July 5, 2014
The Women of the Live Stream
By Brittney Saline
"When people sit down with their computers at home to watch the live stream … our team is making that whole thing happen,” Kathy...
"When people sit down with their computers at home to watch the live stream … our team is making that whole thing happen,” Kathy...

"There are some extraordinarily talented ladies in the business ... but rarely are they together ... the fact that we had all of them working together, I would bet is relatively historic," Joe Novello said.

 

At the 2014 Southern California Regional, cameras panned to Josh Bridges in Event 4. CrossFit fans all over the world watched as his chest hit the ground for his last 3 burpees before he screamed in triumph, taking the event record in 8:18.

But Bridges wasn’t the only one working that day. While he pumped out strict handstand push-ups, front squats and burpees, Kathy Elder stood in a production truck nearby, sipping her coffee as she called out commands.

The four women on her team carried out her every request.  

“We are the live stream team,” Elder explained. “What that means is when people sit down with their computers at home to watch the live stream … our team is making that whole thing happen.”

With 15 streamed events over three days, it’s a nonstop production.

“We’re never not live,” Elder said.

Each live streamed regional had a producer like Elder at the helm, running the operation with the help of a small crew and many volunteers. The Red, White, and Blue teams spread across the United States and even across the Atlantic to cover a regional before packing up, and moving on to the next location.

In the male-dominated field of sports broadcasting, Elder’s Red Team stood out in that all five key positions were filled by women. Each weekend, Elder was joined by Director Julie LoRusso, Technical Director Erin Bigelow, Production Manager Angela Teran and Red Hat Kristen Connors.

By the time the Red Team was directing the cameraman to cover Bridges’ victory scream, they had already been to Chicago and Seattle, and within a couple days they would travel north through California to their final stop in San Jose.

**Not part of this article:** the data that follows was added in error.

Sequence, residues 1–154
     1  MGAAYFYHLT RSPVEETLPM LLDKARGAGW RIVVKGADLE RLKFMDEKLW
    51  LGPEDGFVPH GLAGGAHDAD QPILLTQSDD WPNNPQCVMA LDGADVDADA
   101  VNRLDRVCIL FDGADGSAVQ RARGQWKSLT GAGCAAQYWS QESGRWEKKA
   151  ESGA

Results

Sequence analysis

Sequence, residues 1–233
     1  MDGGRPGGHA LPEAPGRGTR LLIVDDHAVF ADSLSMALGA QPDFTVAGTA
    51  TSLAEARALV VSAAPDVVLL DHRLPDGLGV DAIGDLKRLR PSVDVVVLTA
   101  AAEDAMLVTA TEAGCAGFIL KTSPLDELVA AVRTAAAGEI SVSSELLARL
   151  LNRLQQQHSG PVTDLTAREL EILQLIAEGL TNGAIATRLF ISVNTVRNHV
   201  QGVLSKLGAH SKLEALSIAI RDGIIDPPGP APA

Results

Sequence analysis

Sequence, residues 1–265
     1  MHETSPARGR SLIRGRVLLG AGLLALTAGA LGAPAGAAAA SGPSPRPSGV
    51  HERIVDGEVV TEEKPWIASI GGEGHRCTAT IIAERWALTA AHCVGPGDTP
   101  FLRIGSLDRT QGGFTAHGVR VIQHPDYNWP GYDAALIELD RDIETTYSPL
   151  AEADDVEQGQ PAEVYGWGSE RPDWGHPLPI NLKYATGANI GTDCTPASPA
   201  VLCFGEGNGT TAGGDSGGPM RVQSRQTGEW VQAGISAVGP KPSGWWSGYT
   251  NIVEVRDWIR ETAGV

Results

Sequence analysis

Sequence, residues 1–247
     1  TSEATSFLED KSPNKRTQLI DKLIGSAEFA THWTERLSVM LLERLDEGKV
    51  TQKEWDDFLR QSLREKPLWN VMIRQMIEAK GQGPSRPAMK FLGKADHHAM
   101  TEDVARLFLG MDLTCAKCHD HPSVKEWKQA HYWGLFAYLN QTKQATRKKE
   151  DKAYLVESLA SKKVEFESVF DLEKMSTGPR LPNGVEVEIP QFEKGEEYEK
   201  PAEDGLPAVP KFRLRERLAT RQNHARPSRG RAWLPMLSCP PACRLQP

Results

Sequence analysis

This wasn’t the first year fans could watch the regional events from thousands of miles away; CrossFit has provided live coverage of select regional events and heats since 2012. But this year, live coverage was hugely expanded to include all heats of all events in 14 out of 17 regions, with full production, graphics and commentary for the top heats.

While athletes spent the weeks prior to the regional devising strategies, the Red Team spent the weeks planning how they were going to pull off this vast expansion of the regional coverage with a tiny crew. After the events were announced, Elder worked with CrossFit Games Coordinating Producer Joe Novello to plot camera positions for each event.

“Every event requires a different approach from a visual point of view,” Elder said. “Before the regional, I had a call with (Novello) and we talked through every (event) and what was going to be the most challenging.”

But planning live regional coverage is about more than knowing the best angle to film a muscle-up; it’s about figuring out how to turn the competition into a story. That meant knowing the athletes as well as the events themselves.

“We need to make sure we know in advance what might happen so the viewer gets more out of watching it than seeing someone win,” Elder said. “We’re helping them understand the context of why that’s interesting … I try to think of that viewer who has maybe just come on and hasn’t seen the regionals every year.”

For the Red Team, the regional began the day before the first event kicked off. After arriving on-site at 6:30 a.m., the team met with the camera crew to coordinate positions between the handheld cameras and the sticks, or anchored cameras. Once the control room was set up, the feed went live to CrossFit HQ to work out any issues with shots, sound or graphics ahead of the game.

“Friday, Saturday and Sunday we’re live all day long from 9 until the final heat is done at 5:30 or 6,” Elder said.

While Elder, LoRusso, Bigelow and Teran worked the control room, Connors called the shots from the floor. A combination of Red Hat, spotter and stage manager, she handled everything from making sure the lanes were properly set up to cueing the color commentators and giving live play-by-play updates to Elder, standing by in the control room.

“I’m sort of the eyes on the field,” Connors said. “As soon as I see something I like, I say, ‘Eyes on (Lane) 5, something’s gonna happen!’”

It’s more complicated than just reporting who’s in the lead. It means noticing everything from who has five reps left on the pull-up rig to who’s still struggling on the movement before.